Gunmen have shot dead 18 people and injured others at a cafe in the centre of of the capital of Burkina Faso, Ouagadougou, the government says.
At least eight foreigners and seven locals were among those killed in Sunday's evening attack on the Aziz Istanbul cafe, the government added.
The gunmen, thought to be jihadists, fired on customers on the terrace before making their way inside.
Two attackers were killed in a siege which lasted into the morning.
President Roch Marc Christian Kaboré condemned the "cowardly terror attack", saying the people of Burkina Faso would not give in to terrorism.
The foreigners killed include two Kuwaitis, and one each from Canada, France, Lebanon, Nigeria, Senegal and Turkey, Burkina Faso's Foreign Minister Alpha Barry said. However, Canada's foreign minister said two Canadians had died.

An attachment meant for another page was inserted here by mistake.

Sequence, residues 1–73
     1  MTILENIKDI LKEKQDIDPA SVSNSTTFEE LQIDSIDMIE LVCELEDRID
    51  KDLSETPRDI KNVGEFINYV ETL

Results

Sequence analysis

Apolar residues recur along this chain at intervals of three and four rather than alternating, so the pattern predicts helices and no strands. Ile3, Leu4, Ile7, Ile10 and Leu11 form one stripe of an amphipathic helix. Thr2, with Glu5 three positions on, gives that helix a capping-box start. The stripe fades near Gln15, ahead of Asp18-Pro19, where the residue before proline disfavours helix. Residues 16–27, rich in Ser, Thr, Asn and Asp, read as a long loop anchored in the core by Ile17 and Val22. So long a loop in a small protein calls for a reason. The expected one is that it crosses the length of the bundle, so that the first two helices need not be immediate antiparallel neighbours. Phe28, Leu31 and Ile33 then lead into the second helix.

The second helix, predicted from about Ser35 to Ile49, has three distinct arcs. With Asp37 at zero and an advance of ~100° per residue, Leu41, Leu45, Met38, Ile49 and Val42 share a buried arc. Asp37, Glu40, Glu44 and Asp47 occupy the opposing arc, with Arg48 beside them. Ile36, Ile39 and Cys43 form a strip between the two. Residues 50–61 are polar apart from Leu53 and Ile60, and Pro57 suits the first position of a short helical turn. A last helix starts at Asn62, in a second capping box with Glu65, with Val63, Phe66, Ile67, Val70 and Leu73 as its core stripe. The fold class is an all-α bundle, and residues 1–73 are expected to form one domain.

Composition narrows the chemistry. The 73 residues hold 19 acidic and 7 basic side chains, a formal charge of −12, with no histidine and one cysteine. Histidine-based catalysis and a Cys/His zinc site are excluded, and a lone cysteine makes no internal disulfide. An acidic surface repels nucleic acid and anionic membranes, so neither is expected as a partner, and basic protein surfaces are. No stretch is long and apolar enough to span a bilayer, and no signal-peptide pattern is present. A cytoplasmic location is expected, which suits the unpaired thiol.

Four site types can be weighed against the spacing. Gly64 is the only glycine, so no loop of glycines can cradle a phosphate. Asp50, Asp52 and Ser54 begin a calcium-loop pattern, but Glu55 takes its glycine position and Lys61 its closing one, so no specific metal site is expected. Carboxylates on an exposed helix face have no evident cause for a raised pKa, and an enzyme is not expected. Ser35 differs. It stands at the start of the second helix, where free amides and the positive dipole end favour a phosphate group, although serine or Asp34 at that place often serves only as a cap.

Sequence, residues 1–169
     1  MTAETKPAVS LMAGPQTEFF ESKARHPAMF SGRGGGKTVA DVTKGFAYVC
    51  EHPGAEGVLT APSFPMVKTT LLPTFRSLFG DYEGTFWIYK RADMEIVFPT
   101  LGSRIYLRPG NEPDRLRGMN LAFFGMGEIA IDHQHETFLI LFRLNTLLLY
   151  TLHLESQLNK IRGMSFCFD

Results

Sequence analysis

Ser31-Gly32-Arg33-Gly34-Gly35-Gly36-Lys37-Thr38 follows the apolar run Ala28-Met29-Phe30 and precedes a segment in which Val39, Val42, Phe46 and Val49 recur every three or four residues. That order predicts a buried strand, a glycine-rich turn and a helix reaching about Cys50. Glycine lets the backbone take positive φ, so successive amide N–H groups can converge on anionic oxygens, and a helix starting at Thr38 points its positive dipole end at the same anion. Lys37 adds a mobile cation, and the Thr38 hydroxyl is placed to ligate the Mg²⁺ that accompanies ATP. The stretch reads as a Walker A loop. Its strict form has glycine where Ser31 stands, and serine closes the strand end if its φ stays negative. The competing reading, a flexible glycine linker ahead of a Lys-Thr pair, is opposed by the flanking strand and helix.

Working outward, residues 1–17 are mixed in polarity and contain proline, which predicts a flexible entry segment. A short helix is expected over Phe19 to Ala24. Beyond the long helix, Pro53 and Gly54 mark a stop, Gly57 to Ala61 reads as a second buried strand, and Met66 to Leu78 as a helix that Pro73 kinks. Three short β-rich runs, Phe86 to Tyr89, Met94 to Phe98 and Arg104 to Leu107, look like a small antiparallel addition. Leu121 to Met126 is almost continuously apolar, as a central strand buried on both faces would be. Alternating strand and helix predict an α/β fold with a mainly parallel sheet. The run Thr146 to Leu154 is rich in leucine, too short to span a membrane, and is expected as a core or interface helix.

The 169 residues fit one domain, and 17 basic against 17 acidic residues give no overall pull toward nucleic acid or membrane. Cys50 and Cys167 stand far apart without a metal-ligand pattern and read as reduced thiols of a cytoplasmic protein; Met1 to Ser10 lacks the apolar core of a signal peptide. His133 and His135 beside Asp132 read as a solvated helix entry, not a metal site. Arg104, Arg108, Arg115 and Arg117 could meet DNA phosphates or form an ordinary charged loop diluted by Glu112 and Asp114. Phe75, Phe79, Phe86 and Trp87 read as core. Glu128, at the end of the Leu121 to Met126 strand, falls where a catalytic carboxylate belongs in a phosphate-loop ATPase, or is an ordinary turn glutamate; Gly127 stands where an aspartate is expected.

Three victims have not yet been identified, Mr Barry said.
A jihadist attack on a nearby cafe in January of last year killed 30 people.
There are fears that the latest attack is the work of one of the affiliates of al-Qaeda that are active in the Sahel region, the BBC's Alex Duval Smith reports.
The shooting began shortly after 21:00 (21:00 GMT) at the cafe, popular with expatriates, on Ouagadougou's busy Kwame Nkrumah Avenue.
Security forces launched a counter-assault at 22:15 and the shooting ended at about 05:00 on Monday.
Police captain Guy Ye told the Associated Press news agency the attackers had arrived on motorcycles and had begun shooting randomly.
One eyewitness told the BBC: "I saw there were multiple trucks or jeeps driving through my street, with... local army/police officers with AK47s, deploying in front of my house.
"I heard a lot of shootings and then I was scared as hell and I went inside. I've been hearing quite a bit of shooting."